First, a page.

11. 11. 11 Technology uncertainty Birgit Fais Energy savings & use of renewable energy • Crucial role of the residential sector in restricted scenarios • Strong variation in transport fuel demand • Strong overall reductions in scenarios without CCS & high levels of electrification or when supply side is very restricted -60% -40% -20% 0% 20% 40% Residential Services Industry Transport Total REF Reduction in final energy consumption (2050 to 2010) Renewable share in gross final energy consumption (2050) 0% 20% 40% 60% 80% 100% RE in electricity RE in transport RE in heating Overall share REF • Strong variation, especially in electricity • Restriction of low-carbon options tends to increase the use of renewables • Biofuels no relevant option for the transport sector • Renewable use for heating dominated by heat pumps
  12. 12. 12 Technology uncertainty Birgit Fais Cost parameters 0% 5% 10% 15% 20% 25% 30% REF N C B R D NC NB NR ND CB CR CD BR BD RD NCB NCR NCD NBR NBD NRD CBR CBD CRD BRD NCBR NCBD NCRD NBRD CBRD Change in cum. system costs to REF 67% 0 500 1000 1500 2000 2500 3000 0% 5% 10% 15% 20% 25% 30% REF N C B R D NC NB NR ND CB CR CD BR BD RD NCB NCR NCD NBR NBD NRD CBR CBD CRD BRD NCBR NCBD NCRD NBRD CBRD [£2010/tCO2eq] Change in cum. system costs to REF Carbon price 67% • Non-availability of CCS and restricted biomass have the strongest impact in case of scenarios with one restriction • Combined effect of several restrictions is usually greater than individual effects, exemption: CB • Dimension R has strong impact in cases where other low-carbon electricity options are restricted • In cases where all other dimensions fail, availability of nuclear and CCS (followed by renewables) most important to limit transition costs • Carbon price at 244 – 7000 £ t/CO2eq in 2050 (with some extreme outliers); ranking usually quite similar to system cost, exemptions: CR/CBR & BD/NBD -> depends on shape of abatement cost curve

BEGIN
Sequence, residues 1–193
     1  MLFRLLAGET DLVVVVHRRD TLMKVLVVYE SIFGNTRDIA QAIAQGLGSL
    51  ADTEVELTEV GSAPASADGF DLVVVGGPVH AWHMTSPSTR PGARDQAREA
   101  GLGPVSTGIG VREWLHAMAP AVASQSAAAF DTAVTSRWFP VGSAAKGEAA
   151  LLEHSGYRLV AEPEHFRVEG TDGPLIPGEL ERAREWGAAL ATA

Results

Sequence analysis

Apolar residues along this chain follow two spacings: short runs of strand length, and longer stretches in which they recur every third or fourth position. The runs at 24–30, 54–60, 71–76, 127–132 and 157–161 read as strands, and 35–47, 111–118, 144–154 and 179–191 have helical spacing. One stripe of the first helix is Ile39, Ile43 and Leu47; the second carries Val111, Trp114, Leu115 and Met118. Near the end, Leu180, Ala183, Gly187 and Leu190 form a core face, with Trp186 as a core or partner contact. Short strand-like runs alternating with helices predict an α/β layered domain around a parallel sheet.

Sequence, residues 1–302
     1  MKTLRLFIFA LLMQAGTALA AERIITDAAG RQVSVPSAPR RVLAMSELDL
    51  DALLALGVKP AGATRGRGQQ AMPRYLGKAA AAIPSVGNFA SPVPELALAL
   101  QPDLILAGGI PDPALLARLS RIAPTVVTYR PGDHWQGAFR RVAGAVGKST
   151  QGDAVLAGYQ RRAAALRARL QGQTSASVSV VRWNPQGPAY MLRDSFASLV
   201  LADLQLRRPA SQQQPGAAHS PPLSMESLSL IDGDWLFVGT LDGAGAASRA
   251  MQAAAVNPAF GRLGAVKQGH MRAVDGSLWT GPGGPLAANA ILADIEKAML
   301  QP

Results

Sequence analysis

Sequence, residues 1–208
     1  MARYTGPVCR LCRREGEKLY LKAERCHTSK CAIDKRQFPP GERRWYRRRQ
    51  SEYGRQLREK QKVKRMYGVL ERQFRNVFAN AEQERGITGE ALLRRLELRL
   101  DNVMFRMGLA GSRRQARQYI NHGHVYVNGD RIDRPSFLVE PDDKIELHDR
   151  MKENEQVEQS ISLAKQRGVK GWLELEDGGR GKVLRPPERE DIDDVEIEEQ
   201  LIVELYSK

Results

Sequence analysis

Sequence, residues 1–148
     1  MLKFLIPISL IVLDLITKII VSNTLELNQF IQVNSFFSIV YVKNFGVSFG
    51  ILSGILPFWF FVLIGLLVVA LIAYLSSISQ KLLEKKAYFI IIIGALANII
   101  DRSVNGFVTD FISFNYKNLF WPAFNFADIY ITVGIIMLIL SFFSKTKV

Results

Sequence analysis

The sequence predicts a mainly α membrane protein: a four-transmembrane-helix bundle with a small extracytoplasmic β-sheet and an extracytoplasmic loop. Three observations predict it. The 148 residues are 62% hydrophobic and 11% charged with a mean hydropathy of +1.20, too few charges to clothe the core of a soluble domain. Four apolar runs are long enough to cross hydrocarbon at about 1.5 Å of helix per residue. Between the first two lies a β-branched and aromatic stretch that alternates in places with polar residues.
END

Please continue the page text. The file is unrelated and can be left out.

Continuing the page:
13. 13. 13 Conclusions Comparative scenario analysis allows to identify critical insights on: • Complementarity of technologies (e.g. strong dependence of hydrogen development on CCS availability) • Substitutability of technologies (e.g. replacement of nuclear by renewables with limited cost increases) • Critical technologies / low-carbon options (electrification!!) vs. “failed” technologies (marine?) • Issues of timing and path dependencies (e.g. importance of early action) In terms of government strategy: is it better to support a wide range of technologies or is it time to “pick winners” at some point? Modelling the resource nexus Birgit Fais
  14. 14. Thank you for your attention! Dr Birgit Fais UCL Energy Institute University College London b.fais@ucl.ac.uk This research was supported under the Whole Systems Energy Modelling Consortium (WholeSEM) – Ref: EP/K039326/1 www.wholesem.ac.uk/